Today's Headlines - Realty Times
Posted On Saturday, 23 April 2022 09:07
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Posted On Tuesday, 19 April 2022 16:00 Written by

“You’ve come a long way baby” was a tagline used in a television ad to promote women using their tobacco product by citing how “far” women had come in society, but when it when it comes to owning real estate the  truth of the matter does show women have come a log way, but still have a way to go. 

It wasn’t so long ago (1974) that women were not legally allowed to get a mortgage without a male as a co-signer, and as of today, women are outpacing their male counterparts when it comes to single women and securing a mortgage. Single women homebuyers outpace men  to the tune of 19% for women to only 9% of single men – and that stat comes to us from the National Association of Realtors. What’s really happening is an equally fascinating statistic: that women have bought more homes than single men every year since the early 1980’s.*  

It will be interesting to see how this affects the market as mortgage rates have been on the rise and for the first time since 2011 are just a hair under 5% and this upward climb in mortgage rates isn’t showing any indications of stopping any time soon.

What does it mean to anyone, particularly women when it applies to purchasing real estate?

According to Sam Khater, chief economist for Freddie Mac stated that this was the sixth consecutive week the market has endured a mortgage increase. He cited that over the past 90 days the market has seen a rise of 1.5 percentage points representing  the fastest three-month increase in rates since 1994,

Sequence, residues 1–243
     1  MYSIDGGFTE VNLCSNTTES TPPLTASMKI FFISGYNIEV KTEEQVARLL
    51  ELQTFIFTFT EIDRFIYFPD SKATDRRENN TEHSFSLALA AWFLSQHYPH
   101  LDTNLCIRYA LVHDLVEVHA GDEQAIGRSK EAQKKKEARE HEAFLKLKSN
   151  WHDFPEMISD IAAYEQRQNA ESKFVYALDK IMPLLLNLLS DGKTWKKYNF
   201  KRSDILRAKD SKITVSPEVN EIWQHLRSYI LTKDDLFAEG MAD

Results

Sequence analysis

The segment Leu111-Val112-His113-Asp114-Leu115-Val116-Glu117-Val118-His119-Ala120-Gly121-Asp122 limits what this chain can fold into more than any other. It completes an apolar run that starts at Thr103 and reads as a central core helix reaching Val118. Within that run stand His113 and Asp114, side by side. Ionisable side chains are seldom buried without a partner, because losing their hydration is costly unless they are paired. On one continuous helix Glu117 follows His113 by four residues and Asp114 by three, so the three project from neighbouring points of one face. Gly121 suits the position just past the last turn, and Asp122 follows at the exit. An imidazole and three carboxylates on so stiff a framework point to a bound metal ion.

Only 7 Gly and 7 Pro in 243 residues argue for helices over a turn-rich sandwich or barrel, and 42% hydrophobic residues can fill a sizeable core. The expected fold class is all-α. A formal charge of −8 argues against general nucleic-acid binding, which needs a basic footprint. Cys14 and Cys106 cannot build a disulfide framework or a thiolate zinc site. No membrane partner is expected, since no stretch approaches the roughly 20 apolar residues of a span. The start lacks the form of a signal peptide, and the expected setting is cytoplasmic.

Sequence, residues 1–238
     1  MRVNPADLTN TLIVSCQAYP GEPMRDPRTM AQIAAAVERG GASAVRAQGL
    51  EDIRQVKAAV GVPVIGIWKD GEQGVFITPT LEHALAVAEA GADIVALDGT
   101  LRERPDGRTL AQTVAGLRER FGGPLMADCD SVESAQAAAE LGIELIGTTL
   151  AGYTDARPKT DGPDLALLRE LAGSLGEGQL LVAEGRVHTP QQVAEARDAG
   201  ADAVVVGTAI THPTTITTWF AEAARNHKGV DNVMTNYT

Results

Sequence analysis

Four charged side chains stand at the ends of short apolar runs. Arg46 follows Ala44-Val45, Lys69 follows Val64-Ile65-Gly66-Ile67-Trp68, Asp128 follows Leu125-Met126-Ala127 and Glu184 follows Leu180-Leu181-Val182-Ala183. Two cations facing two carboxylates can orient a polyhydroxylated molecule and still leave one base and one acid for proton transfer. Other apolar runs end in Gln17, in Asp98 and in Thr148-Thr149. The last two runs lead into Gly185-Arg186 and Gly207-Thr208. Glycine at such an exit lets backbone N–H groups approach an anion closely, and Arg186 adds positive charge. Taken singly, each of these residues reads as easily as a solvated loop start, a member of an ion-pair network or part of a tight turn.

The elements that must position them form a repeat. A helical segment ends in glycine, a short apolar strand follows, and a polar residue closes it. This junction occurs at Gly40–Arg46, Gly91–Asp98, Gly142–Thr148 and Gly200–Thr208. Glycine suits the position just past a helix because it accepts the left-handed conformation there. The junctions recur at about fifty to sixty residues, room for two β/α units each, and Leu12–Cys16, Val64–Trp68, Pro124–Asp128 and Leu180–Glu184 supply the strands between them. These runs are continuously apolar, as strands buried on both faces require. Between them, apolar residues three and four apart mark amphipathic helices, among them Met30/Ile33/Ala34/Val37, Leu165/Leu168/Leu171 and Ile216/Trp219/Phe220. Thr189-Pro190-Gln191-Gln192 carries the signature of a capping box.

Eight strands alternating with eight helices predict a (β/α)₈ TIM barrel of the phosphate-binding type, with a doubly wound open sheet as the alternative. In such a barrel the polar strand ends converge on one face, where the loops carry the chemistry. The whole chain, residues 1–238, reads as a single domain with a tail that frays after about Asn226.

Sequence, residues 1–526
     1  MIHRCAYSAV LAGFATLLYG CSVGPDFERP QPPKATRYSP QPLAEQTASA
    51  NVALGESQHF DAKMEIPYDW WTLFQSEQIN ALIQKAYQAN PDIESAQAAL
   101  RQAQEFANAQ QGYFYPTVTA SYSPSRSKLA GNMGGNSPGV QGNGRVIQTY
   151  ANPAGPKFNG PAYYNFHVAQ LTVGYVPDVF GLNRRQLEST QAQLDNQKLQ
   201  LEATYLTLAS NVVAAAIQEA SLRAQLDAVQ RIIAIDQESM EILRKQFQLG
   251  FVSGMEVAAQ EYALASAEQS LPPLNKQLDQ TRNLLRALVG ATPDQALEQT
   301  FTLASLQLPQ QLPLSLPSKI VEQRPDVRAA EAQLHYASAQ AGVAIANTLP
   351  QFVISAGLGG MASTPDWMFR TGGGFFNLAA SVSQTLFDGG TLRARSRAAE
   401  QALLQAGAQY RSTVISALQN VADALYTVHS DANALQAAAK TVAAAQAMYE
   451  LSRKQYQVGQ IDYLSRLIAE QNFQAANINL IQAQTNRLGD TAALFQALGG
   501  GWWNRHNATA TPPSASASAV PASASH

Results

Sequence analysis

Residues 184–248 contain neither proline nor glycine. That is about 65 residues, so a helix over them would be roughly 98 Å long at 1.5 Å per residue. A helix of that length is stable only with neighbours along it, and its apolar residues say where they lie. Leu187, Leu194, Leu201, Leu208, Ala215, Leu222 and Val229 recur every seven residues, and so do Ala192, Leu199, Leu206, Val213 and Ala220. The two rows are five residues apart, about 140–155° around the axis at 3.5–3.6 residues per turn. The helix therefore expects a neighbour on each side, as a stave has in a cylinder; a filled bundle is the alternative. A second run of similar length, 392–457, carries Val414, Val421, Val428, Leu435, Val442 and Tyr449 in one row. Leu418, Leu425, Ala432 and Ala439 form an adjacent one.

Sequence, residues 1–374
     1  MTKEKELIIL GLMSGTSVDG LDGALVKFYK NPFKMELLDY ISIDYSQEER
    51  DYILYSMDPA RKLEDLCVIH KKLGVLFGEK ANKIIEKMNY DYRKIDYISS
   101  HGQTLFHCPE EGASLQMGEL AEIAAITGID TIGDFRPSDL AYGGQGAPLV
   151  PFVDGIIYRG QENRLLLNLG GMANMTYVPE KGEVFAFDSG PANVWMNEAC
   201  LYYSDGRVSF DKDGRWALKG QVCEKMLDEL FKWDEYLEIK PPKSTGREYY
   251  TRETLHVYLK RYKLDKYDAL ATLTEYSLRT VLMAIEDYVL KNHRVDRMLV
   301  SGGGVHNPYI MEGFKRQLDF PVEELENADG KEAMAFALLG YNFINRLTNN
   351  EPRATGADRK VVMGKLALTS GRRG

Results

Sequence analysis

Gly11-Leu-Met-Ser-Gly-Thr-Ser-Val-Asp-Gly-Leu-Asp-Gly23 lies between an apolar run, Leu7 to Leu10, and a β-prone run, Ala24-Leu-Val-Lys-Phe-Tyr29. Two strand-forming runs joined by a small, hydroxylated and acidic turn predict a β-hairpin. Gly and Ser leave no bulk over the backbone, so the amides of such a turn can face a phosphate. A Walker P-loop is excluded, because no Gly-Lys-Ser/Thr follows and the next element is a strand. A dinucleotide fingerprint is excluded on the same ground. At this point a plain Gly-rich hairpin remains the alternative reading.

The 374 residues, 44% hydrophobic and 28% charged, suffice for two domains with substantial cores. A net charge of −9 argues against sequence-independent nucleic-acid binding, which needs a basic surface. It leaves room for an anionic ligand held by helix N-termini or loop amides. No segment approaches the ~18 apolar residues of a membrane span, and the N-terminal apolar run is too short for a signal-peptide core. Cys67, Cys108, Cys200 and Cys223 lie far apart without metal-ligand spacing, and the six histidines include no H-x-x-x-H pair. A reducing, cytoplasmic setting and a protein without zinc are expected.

Khater recently stated that, “The increase in mortgage rates has softened purchase activity such that the monthly payment for those looking to buy a home has risen by at least 20% from a year ago,” 

The average rate on a 30-year fixed-rate mortgage was 4.72% as of the week ending April 7, Freddie Mac reported Thursday, up from 4.67% a week earlier. The last time the interest rates on home loans were this high was in the fall of 2018.

The trend of single women and women in general securing a home continues to be impacted by the inequity of earning power between men and women. 

According to a report from Wikipedia, the gender gap is alive and well with women earning approximately 80% of the average man’s income for similar jobs and positions. 

In a recent interview on with A. J. Barkley*, the Neighborhood and Community Lending Executive at Bank of America, Ms. Barkley cited a recent Bank of America Insights report spotlighting specifically single women as homebuyers.

The report, “Saying “I do” to home ownership” stated that 65% of single women surveyed  claimed they were willing to “skip the spouse and buy a house” rather than waiting for marriage. The report shared that 30% of today’s female homeowners did purchase a home while they were single. 

The report cited that 87% of single women agreed that the idea of someone needing to be married to secure a home is “outdated at best.”

Women surveyed in the report said that homeownership was considered “a major milestone” with  60% of the women claiming they “felt like they had made it” when becoming a homeowner versus 52% of single men.